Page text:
Pakistan's 'warm fuzzy' ruler: He'll even shed tears in public

Since his Oct. 17 speech, Gen. Pervaiz Musharraf has worked to polish

Weeping is not something that army chiefs are known for. Especially if they have just led a coup. But as Gen. Pervaiz Musharraf taped his historic speech to the Pakistani nation on Sunday night, witnesses say he broke down twice during a closing prayer he wrote for the event. It begins, "Give me the vision to see and perceive the true from the false."

Now, as troubled Pakistan embarks on its most extensive reforms in decades - forcing powerful industrialists and politicians to pay back taxes, curbing Islamist zealots on the streets and in the military, trying to negotiate a Western-powers agenda that is not at all popular here - General Musharraf may have to repeat his prayer often.

For Pakistan, which has moved from being a moderate and stable front-line state during the cold war, to being viewed as a destabilizing exporter of terrorism and drugs, the next two weeks are as important as any in its history. As Musharraf decides on the makeup of a new national security council that will attempt major structural changes, the new leader, who was born in India, seems to feel a sense of destiny, say his friends.

To the world, the new chief executive of the world's newest nuclear power was at first an enigma. The man who led a 10-week military offensive in Kashmir this spring appeared in file TV clips after last week's coup wearing combat fatigues, waving a gun, and looking a bit like a banana republic dictator.

Initial appearances may have been deceiving. His friends describe Musharraf as a liberal in a conservative army who advanced by his intelligence, courage, and independence. In meetings with often surprised senior diplomats here, Musharraf has been described as "broad-minded," "serious," "moderate," and "a patriot."

The general has said one of his heroes is Mustafa Kemal Ataturk, the father of modern Turkey - the secular Muslim country where a young Musharraf went to high school when his diplomat-father was posted there. Musharraf told Turkish reporters this week that Turkey was the country he wants to visit first as a new head of state. Arms-supplier China was his first destination after he became army chief last year.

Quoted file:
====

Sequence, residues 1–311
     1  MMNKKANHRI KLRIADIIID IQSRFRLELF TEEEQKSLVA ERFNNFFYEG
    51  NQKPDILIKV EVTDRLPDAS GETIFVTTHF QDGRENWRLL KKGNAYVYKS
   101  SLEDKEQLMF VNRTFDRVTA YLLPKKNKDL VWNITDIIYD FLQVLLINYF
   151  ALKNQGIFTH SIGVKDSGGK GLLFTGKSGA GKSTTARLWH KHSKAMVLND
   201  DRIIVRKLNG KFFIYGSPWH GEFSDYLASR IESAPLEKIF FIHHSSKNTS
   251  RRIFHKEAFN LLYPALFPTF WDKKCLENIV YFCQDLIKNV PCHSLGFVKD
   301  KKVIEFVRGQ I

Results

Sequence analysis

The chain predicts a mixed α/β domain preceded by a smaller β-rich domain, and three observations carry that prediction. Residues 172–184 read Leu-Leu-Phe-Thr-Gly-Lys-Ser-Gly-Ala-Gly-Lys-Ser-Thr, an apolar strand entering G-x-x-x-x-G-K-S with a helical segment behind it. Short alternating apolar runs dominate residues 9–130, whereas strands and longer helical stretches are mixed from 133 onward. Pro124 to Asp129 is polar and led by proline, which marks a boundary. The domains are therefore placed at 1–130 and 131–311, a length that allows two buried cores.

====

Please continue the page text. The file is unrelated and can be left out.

On the heels of a coup that ousted former Prime Minister Nawaz Sharif, Pakistani spin doctors are trying to present their new leader as a model citizen. The stress on Turkey, a NATO member, is bound to ease some apprehensions of the West.

Musharraf is an avid bridge and squash player. He occasionally takes a drink in this Muslim country, turns heads by going out on the town with friends even after having become army chief, and he has relatives who live in the United States.

Yet in a country where cynicism about double-dipping leaders is pervasive, Musharraf seems to have given the country a new lease on life. He hopes to encourage a largely silent middle class to support him and begin to support long neglected Pakistani institutions. Musharraf even took the unusual step during his speech of offering to reveal his tax records - in a country where only 1 in 100 persons pays tax, a shocking symbol of honesty. "Musharraf is straight and honest, a good man," says Hamid, a taxi driver. "Such a man is what we need."

The current elation among Pakistanis at the ouster of Mr. Sharif will be an important element in providing the "right spirit" needed to bring about proper financial practices and eliminate kickbacks and patronage, says Sakib Sherani, the assistant vice president of ABN-AMRO bank in Islamabad. Public opinion and the friends Musharraf makes by going after corruption will be key ingredients in offsetting the many enemies he is bound to make. "Without a groundswell of support, change is impossible in Pakistan," says Mr. Sherani.

"I would call Musharraf a progressive," says Lt. Gen. Talat Masood, a retired officer. "He believes in equality of education among boys and girls. His daughter is an architect married to another architect, and the marriage was not arranged."

Perhaps the biggest change from past coups and political changeovers in previous years is that Musharraf did not plan or scheme to become the head of Pakistan, sources say. Indeed, as the coup proceeded after Sharif tried to replace Musharraf as army chief while he was en route from Sri Lanka to Pakistan last week, Musharraf did not know until just before his plane landed in Karachi that a coup was under way. He has also allowed the press to say what it will. "The most unreal part ... is the army has not intruded on civilian life," says Umer Farooq, the local reporter for Jane's Defence Weekly. "All of our previous coups were Draconian and tried to control every aspect of life. Musharraf has been something different."

(c) Copyright 1999. The Christian Science Publishing Society

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